New York — United Airlines is fully certified and testing “phase one” of its New Distribution Capability program.
At an International Air Transport Association event here this month, United director of distribution Tye Radcliffe said the carrier soon would move on to “robust” servicing. This includes “the types of things TMCs need to do to service their customers with NDC. That is coming this year as well.”
He said United was working with Farelogix to plug in the NDC standard and consistently communicate inventory, fares and ancillaries to distributors. “Once we have people talking to us through that interface, maybe we can get rid of tickets,” Radcliffe added. “Maybe it’s an invoice.” He referenced a hotel folio that details all charges a guest incurred. “That’s not the experience on the airline.”
Radcliffe also shared a vision in which a traveler tells his or her voice-activated assistant about an upcoming trip. The assistant asks if it is leisure or business. If the latter, it would access the traveler’s calendar, apply corporate policies and preferred rates, present that info to the traveler and send it to the expense system. “That’s going happen,” Radcliffe said, “but not until we get these APIs ready to go. That’s really where we are focusing our attention.”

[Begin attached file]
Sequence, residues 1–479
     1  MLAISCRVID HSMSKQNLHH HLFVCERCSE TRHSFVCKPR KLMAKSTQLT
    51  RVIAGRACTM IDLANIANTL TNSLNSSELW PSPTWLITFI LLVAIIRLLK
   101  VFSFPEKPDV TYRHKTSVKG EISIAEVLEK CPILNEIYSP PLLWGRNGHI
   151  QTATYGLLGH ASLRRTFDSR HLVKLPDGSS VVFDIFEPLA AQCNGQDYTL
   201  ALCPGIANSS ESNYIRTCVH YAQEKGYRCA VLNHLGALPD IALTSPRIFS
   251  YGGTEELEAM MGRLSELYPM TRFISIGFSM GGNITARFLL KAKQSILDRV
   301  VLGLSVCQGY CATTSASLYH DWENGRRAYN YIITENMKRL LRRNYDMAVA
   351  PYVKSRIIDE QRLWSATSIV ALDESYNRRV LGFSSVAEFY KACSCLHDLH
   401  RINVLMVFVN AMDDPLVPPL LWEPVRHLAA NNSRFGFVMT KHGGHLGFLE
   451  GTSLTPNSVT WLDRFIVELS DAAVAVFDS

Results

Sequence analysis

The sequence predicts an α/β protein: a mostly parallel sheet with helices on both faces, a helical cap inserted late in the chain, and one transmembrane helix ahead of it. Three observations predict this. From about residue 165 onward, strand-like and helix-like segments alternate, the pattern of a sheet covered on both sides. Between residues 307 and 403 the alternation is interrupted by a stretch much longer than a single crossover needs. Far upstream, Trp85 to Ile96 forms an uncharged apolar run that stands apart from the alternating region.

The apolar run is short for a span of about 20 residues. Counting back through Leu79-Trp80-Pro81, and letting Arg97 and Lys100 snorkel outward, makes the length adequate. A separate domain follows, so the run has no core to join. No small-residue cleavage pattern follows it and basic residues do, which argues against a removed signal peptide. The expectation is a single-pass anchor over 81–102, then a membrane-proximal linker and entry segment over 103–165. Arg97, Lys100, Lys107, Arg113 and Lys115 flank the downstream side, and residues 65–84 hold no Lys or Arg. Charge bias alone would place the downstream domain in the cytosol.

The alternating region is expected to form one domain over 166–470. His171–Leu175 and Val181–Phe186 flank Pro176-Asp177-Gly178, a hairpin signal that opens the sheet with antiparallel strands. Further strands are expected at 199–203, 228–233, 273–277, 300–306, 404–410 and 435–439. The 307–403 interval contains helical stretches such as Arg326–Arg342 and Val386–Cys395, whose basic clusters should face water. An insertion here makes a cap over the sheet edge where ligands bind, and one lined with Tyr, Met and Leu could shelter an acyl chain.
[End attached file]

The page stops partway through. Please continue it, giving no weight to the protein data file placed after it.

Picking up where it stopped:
Also speaking at the event, Datalex CEO Aidan Brogan said one challenge to NDC adoption was getting all internal airline groups on the same page. “You can’t target customers in a certain way when you still have an organization that talks about direct sales versus indirect sales, that’s got an e-commerce department, that’s got a director of ancillaries, that’s got a revenue management department, pricing people and sales people who don’t work together,” Brogan said. “It’s not just about technology and sales strategy. It’s also about realigning internal organizations.”
Radcliffe works in revenue management, and said getting revenue accounting onboard “didn’t happen overnight. It took pushing and educating, and meeting with sales folks to explain what it is. It is an ongoing cycle.”
Meanwhile, at least some on Wall Street are paying attention to airline distribution strategies. Here’s Hunter Keay, an analyst at Wolfe Research, also speaking during the IATA event:
The way airlines sell tickets is very outdated. It is very impersonal. There is a perception that airfare is commoditized. It’s the airlines’ own fault. It’s how they sell tickets. They stack them up on Kayak and if you are five cents higher you are on page three. They have to get that content back. NDC, direct connects, these things that AMR tried before. … The best ideas are bad before they are good, it was just too early. Airlines spend billions of dollars paying other companies to sell their tickets and all those other companies do is make them a faceless commodity. That perpetuates the perception that airfares are commodities. Delta investing in biometrics matters less if Kayak is going to aggregate that fare and sell it next to another fare at the same price. I believe passionately that distribution is worth three to one whatever they are going to put into it. I would pour a lot of what I have into being differentiated in distribution so as to not commoditize myself.